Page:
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Understanding TBRI® Connecting Principles

Understanding TBRI Connecting Principles

Trust-Based Relational Intervention® (TBRI®) is a care model designed to help meet relational and developmental needs of children and youth impacted by trauma. TBRI considers the whole child—his or her brain, biology, behavior, body, and beliefs—and provides parents and caregivers with practical tools and insight to help their child(ren) reach his or her highest potential. And, perhaps most integral, TBRI has connection at its core—the truth that connection builds trust, and trust builds healthy relationships.

Developed by Dr. Karyn Purvis and Dr. David Cross of the Karyn Purvis Institute of Child Development (KPICD) at TCU, the TBRI model is built upon three guiding principles

Connecting Principles: Create connections that disarm fear, gain trust, and enhance learning.

Empowering Principles: Strengthen learning and regulation by meeting a child’s physical and environmental needs. 

Correcting Principles: Shape beliefs and behaviors effectively, so children feel safe, protected, and empowered.

The goal of Connecting Principles is to build trusting relationships that help children and youth feel valued, cared for, safe, and connected. Disarming fear and building trust greatly increase the capacity for connection, growth, and learning. 

Remember, secure attachment says: 

– “I feel protected.” 

– “I feel precious.” 

– “I feel heard.” 

– “My physical needs are taken care of.” 

– “My emotional needs are taken care of.” 

The following are practical questions, tips, and activities to help you reflect, remember, and act as you work to engage and build connection with your child and/or teen.  

Questions & Reflections 

Attachment is often described as a dance between the child and the caregiver. What are some ways you have seen your own history impact your relationship with your child? 

What does “being fully present” mean to you, and what steps can you take to be more fully present with your child? 

What activities does your child or teen enjoy? How can you more intentionally engage your child around his or her interests? 

Why is it sometimes challenging to see beyond your child’s or teen’s behavior and recognize the underlying need he or she is trying to express or have met? 

Tips & Reminders 

– Stop, look, and listen when your child approaches you. 

“Stop” what you are doing. 

“Look” into his or her eyes. 

“Listen” to his or her words, and share in the excitement and passion he or she is expressing. 

– Find creative ways to give more “yeses.” 

Action Points

Child-led One-on-One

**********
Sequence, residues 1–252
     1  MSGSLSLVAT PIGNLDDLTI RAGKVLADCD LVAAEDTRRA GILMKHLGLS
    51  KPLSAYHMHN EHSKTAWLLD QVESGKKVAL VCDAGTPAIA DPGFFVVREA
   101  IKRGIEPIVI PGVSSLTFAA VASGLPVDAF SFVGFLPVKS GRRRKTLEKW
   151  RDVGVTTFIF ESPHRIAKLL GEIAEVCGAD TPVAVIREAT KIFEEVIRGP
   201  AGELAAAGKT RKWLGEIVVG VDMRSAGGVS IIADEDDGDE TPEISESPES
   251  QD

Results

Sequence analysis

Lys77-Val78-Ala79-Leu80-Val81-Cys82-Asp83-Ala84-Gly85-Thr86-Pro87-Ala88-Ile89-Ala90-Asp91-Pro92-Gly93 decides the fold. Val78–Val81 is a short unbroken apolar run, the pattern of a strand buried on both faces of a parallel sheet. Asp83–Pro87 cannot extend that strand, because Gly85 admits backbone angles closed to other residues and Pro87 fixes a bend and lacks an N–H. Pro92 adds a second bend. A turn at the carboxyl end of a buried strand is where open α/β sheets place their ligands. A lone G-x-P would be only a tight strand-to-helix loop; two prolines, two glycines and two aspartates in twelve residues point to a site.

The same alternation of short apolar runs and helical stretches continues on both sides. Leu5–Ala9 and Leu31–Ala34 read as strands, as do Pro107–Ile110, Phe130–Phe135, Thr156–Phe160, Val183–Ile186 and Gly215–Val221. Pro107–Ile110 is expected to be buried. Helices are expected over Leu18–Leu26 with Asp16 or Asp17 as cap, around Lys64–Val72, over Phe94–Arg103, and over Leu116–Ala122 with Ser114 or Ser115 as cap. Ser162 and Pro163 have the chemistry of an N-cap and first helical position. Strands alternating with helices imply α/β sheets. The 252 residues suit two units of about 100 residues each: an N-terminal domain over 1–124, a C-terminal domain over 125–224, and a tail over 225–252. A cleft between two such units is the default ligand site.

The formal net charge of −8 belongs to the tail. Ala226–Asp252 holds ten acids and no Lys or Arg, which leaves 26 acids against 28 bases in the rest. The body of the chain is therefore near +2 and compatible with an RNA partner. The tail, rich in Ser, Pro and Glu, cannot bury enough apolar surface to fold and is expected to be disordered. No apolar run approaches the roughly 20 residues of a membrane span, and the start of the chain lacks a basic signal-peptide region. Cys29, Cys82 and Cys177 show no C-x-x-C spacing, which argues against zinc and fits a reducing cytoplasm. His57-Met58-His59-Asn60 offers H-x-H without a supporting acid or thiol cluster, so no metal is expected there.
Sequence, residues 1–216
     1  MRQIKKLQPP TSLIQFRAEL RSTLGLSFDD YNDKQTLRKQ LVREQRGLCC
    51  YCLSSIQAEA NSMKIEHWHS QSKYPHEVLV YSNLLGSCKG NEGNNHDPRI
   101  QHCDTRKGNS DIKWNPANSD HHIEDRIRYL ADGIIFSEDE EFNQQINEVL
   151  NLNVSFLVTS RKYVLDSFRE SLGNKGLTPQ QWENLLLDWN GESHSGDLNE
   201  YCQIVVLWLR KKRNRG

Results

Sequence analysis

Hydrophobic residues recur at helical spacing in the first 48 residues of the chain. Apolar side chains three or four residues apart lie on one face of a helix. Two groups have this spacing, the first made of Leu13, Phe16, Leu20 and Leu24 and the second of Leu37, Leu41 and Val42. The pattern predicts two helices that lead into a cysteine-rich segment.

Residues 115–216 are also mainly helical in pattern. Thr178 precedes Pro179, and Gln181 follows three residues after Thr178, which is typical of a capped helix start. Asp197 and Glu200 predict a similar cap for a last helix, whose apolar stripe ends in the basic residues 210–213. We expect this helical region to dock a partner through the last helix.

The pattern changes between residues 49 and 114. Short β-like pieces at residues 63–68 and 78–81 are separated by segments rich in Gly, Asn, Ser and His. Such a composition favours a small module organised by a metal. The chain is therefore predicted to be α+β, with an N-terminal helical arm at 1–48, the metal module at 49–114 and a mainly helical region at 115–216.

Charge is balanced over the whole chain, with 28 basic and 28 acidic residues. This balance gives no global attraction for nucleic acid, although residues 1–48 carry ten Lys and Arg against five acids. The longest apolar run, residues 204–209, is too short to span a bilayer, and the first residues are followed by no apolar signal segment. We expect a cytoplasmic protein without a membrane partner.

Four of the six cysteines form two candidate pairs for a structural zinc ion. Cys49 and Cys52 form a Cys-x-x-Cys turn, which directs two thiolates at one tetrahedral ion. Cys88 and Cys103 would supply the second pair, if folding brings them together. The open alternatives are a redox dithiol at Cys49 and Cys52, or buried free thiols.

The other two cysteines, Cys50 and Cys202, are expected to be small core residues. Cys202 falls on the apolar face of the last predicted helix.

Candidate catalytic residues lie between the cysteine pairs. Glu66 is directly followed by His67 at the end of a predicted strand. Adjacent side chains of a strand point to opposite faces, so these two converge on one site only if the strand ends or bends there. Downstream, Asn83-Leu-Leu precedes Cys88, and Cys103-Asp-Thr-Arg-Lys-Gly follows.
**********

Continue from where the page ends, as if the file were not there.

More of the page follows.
Work to spend 10 minutes a day with your child or teen engaging in play with an activity of his or her choice. Allow space for your child to lead the play with his or her unique ideas. During this time, offer healthy touch (high fives, fist bumps, side hugs—with permission); match behavior (whatever he or she creates, you create); and validate his or her ideas. Make an effort to keep your child or teen in the lead of the play by avoiding playtime as a way to teach or give direction. This time is for him or her to be expressive and for you to recognize his or her unique ideas, creativity, gifts, and imagination. 

Healthy Touch

Healthy touch is an important way to build connected, trusting, and healthy relationships with children. Unfortunately, many children or teens who have experienced trauma have never known caring touch on a regular basis. Making it a priority to incorporate healthy touch in your child’s or teen’s day-to-day activities and interactions can help facilitate healing. Beyond fist bumps, high fives, and gentle chin prompts, also work to find opportunities to incorporate some of these “out of the box” activities to add some fun and healthy touch into your daily interactions: 

– Have a three-legged race. 

– Give the family dog a bath together. 

– Practice fun hairstyles on each other. 

– Get creative together with face paint. 

– Play “freeze tag” together. 

Note: While healthy touch can build connection, trust, and felt-safety, it is important to ask permission and be aware of how your child or teen receives the affection.

This is the second in a series of five blog posts. Also check out:
An Introduction to Trust-Based Relational Intervention® (TBRI®)
Understanding TBRI® Empowering Principles
Understanding TBRI® Correcting Principles
Understanding The Gospel and TBRI®

Register now for Show Hope’s 2022 Hope for the Journey Conference, premiering Friday, April 8, with on-demand viewing through May 31.

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